Content Marketing for small businesses. It’s ok to be imperfect.

So, you already know that it’s vital, if you want to successfully promote your business online, that you regularly put fresh content onto your website and onto social media (right? If not then read our post which covers basic digital strategy and SEO).

The problem is how on earth do you find the time and how do you create all of this relevant, engaging (and maybe viral) stuff?

At Narrative (previously THBOOM!) we often see businesses begin with the best of intentions but who over time, gradually stop putting anything new online. We stress to clients the importance of developing customer personas, editorial calendars et al, of developing quality content and of leveraging in-house expertise to create blog posts and white papers. These techniques will certainly help you to generate and target quality content, but they can seem intimidating and sometimes you just need to get something up there. It really is better to have something new on your website than to be paralysed into inactivity by the quest for perfection (or by the day-to-day demands of running your business).

Imperfect action is better than no action.

Don’t have time to blog about your latest product? Then simply post a picture of it onto Facebook instead. Can’t get a picture of the new product? Then take a snapshot of the product team deep in discussion and put that up instead with a quick line of text about how the new product is imminent.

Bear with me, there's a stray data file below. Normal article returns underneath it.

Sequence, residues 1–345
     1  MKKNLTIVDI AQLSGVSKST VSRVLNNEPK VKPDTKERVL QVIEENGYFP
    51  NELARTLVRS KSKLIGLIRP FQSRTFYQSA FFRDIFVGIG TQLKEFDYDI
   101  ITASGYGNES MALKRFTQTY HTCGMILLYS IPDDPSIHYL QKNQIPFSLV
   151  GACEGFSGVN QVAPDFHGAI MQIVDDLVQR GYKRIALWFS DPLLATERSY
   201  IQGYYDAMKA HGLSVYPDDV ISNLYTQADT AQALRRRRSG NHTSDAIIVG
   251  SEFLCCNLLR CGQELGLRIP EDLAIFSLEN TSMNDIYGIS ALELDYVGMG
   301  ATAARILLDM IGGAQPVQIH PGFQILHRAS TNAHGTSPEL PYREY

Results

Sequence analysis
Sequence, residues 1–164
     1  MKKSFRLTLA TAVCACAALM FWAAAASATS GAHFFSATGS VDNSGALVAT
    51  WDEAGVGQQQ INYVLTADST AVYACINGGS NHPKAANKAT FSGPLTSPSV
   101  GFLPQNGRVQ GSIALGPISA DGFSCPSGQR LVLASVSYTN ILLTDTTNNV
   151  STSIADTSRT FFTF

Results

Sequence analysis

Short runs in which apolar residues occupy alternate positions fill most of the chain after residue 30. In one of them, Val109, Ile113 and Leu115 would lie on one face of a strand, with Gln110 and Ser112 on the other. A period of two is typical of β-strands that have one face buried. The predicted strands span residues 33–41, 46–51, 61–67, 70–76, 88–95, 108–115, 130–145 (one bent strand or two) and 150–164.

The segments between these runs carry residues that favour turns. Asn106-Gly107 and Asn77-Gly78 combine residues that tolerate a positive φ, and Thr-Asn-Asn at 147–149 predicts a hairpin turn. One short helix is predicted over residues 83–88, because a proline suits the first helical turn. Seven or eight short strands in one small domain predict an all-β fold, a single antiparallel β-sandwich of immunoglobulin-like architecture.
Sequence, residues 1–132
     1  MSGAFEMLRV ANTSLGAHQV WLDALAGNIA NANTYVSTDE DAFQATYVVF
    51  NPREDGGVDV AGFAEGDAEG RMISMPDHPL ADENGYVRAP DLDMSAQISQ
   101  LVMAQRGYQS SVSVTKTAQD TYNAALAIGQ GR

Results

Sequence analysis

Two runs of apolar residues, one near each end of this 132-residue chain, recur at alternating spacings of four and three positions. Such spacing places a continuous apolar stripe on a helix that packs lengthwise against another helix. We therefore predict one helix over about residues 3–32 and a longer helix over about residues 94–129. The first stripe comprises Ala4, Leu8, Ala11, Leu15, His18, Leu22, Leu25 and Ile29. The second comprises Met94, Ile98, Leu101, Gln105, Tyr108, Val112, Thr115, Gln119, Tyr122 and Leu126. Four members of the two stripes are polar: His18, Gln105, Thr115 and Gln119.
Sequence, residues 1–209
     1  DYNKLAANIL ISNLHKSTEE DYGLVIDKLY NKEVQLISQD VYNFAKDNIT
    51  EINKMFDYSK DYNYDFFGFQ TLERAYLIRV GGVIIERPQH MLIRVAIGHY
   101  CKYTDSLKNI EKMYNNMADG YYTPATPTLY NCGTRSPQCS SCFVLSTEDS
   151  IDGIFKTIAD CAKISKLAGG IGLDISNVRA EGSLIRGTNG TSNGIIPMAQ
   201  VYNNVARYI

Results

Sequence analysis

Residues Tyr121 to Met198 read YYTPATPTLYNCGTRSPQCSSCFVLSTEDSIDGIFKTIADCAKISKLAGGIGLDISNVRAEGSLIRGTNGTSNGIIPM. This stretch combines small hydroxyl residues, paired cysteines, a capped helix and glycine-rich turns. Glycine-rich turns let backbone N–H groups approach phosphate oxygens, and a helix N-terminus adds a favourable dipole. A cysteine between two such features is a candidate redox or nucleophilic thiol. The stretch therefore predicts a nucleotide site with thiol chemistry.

Can’t finish that long piece intended to help your customers avoid buying the wrong thing? Then simply link to some pre-existing advice online with a short introductory paragraph of your own. This is an important idea; you’re not going to be able to generate 100% original content so instead you need to “curate” content. Post links to useful content that you find online and add some thoughts of your own.

Link to a funny video that has some relevance to your customers. Put up a weekly list of things you liked on the web. It’s easy once you start doing it.
The important idea is not the quality of the content but its relevance to your customers. Sure, there’s no doubt that you need high quality content on your site and it’s important that you don’t spoil it with low quality filler, but when you sense things slipping it’s time to act… even if it’s less than what you might hope for.

The more you act the easier it becomes. You will become more efficient at creating content and you will also learn more about what works best for your customers.
Over time you will feel more confident about getting those important larger, quality pieces completed… and before you know it you will finish that e-book.

And did you see what I just I did here? I did exactly what I’m talking about… I put up a quick, imperfect (but hopefully still useful) post.